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CHRISTIAN VIEWPOINT: Hope springs eternal that what is broken can mend

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A Quakers for Climate Justice gathering.
A Quakers for Climate Justice gathering.

We’re all familiar with the word ‘apocalypse’, but I’d never before heard the term “apocatastasis” –which means – “the time of restoration of all things”, writes John Dempster.

I was listening to Glasgow-based academic, writer, God-ponderer and mystic, Alastair McIntosh. A Quaker, he described the emphasis on stillness in Quaker worship, as those present reflect silently, listening together to “that of God” present in us all. Only when they feel the Spirit of God has given them something to contribute do they speak.

Alastair also mentioned “Meetings for Clearness” where Quakers with a decision to reach sit together seeking discernment in the same manner. Often what is heard springs from people’s own egos, or their own neediness, but if we learn to acknowledge our fragility and listen deep, we may hear the whisper of God.

This implies that for each individual, each group of people there may be a wise opening of the way to be found in all life’s complexities, and once we have done the research and reading around the choices we have, that may be revealed to us one step at a time through such seeking in the shared inner life.

There is, Alastair suggests, an ideal for our lives and our communities. We are called to be the people that God dreams of, fulfilling the inner divine potential, finding our place as a syllable in the poem God is writing.

READ MORE: JOHN DEMPSTER: God's love helps us all turn pain and ugliness into beauty

Such an approach also opens up a way of being for a world increasingly broken due to climate change. The solutions lies not merely with politics, economics and technology. We will not find the unity to justly implement the necessary changes until as a human race we humble ourselves, seeking “a renewal of humanity”.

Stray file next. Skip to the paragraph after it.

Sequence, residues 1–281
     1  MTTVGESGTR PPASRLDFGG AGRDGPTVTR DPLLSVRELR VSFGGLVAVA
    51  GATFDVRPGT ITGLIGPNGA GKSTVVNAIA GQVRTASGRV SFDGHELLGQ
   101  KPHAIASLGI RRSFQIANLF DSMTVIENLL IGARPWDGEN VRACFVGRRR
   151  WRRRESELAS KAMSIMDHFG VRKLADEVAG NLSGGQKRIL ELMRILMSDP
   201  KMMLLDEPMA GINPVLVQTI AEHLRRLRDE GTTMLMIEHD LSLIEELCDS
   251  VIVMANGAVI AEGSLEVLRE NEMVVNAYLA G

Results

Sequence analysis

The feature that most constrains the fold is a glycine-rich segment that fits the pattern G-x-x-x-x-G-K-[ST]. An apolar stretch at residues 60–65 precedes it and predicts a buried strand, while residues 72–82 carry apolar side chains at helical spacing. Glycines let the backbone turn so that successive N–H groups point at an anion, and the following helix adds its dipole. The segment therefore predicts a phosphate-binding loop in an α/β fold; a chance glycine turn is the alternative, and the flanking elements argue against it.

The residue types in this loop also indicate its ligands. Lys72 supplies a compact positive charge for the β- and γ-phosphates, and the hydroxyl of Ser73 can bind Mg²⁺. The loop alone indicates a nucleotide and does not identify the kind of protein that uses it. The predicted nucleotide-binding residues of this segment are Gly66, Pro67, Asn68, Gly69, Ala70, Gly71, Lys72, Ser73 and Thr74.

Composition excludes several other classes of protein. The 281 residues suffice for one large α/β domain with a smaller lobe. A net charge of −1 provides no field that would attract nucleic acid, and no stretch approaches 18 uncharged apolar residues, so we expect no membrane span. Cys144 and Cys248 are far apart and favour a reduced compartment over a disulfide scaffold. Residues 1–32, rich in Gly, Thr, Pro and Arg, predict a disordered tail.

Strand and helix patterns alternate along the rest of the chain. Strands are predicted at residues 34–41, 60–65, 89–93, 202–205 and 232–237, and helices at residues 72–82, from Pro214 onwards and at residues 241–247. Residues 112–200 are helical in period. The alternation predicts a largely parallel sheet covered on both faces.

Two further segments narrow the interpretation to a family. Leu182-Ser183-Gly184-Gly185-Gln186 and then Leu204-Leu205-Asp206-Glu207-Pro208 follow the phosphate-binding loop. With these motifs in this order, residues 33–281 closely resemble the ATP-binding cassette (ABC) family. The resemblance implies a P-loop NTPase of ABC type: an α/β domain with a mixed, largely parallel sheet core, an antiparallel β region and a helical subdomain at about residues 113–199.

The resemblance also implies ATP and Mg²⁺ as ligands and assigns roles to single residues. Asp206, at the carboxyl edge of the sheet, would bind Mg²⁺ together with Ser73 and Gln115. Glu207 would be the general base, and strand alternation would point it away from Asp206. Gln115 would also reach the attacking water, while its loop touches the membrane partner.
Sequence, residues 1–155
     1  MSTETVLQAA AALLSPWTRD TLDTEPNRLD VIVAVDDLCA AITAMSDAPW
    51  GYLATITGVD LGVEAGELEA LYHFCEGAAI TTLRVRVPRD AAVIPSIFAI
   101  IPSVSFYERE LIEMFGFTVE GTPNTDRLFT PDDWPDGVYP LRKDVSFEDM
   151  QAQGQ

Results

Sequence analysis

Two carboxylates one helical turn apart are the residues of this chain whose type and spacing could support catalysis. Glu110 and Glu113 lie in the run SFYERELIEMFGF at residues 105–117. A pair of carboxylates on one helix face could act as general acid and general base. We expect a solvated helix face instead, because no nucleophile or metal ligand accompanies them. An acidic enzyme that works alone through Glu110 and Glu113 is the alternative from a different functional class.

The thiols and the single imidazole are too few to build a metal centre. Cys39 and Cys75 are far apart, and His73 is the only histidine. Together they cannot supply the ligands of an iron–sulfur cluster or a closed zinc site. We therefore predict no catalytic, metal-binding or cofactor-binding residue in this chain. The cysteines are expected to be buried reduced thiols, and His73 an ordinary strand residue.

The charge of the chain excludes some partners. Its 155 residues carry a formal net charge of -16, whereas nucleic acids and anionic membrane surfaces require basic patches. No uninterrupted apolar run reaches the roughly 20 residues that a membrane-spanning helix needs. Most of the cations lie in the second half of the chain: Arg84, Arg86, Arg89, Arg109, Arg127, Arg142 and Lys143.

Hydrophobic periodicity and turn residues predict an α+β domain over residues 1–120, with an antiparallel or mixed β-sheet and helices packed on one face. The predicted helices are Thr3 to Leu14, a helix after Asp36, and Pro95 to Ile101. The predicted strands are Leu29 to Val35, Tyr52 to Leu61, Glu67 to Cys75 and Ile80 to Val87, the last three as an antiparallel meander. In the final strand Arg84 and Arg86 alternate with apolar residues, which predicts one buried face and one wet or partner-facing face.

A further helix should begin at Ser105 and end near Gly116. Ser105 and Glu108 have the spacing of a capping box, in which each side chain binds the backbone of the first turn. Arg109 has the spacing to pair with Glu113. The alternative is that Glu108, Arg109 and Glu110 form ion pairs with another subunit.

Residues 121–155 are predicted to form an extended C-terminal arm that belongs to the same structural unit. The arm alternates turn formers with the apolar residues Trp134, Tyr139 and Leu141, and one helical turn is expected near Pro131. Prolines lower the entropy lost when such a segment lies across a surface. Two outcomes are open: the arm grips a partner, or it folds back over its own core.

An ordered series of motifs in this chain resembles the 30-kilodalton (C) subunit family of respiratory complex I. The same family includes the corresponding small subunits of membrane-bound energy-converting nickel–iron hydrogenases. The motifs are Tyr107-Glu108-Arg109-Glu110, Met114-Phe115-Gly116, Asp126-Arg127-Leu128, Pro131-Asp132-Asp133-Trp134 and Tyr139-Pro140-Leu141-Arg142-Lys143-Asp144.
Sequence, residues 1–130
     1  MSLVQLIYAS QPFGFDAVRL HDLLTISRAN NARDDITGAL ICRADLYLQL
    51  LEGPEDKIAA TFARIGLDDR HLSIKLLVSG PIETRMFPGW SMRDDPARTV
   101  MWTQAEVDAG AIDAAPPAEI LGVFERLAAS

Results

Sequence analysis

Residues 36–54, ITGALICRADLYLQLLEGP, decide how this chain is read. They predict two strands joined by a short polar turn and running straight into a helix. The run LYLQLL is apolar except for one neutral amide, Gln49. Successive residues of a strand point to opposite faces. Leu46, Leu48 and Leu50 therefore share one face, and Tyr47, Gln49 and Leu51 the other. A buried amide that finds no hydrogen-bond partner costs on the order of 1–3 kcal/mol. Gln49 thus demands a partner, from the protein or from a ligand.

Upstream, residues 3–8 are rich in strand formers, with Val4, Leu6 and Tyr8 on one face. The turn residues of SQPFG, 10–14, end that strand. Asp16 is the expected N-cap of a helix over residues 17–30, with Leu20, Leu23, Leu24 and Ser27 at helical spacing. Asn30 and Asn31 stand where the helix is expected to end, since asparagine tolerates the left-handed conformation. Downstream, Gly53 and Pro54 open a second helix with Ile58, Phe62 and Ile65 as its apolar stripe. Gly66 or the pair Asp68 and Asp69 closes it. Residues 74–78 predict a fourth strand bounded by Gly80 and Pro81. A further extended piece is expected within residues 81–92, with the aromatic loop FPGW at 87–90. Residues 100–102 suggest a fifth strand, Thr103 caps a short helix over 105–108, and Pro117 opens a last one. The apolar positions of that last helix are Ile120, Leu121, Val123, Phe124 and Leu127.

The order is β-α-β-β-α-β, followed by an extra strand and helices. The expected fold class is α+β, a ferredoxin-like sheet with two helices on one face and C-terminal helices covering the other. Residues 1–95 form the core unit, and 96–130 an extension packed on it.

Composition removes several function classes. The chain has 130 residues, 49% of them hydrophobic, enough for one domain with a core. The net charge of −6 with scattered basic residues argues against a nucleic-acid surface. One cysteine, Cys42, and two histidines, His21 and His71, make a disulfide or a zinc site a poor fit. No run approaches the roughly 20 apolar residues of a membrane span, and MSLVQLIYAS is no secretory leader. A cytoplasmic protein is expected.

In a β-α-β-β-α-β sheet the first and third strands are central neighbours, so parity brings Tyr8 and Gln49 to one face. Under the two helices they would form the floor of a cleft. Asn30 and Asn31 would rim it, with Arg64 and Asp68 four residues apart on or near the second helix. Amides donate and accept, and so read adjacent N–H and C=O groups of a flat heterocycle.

It’s a powerful message from this 21st century prophet. All love-based religions seek this alternative way of being, Alastair says. But Jesus didn’t simply point towards the better way. Jesus said: “I am the way”.

Jesus died bearing the violence and hatred, the sinfulness which separates us from one another and from God. As such, Alastair says: “The cross absorbs the violence of the world.” As we accept his invitation to “follow me,” we become a renewed people, transformed and transforming.

But is it true? When the news is full of conflict, it’s hard to see the many, many points of light shining in the darkness. But we are invited to come and find out for ourselves. To seek the God who speaks in stillness. To “taste and see that God is good”.

And apocatastasis? It’s the Christian belief that in the end all that is broken, all creation will be restored, God’s poem made perfect. And this is our hope.

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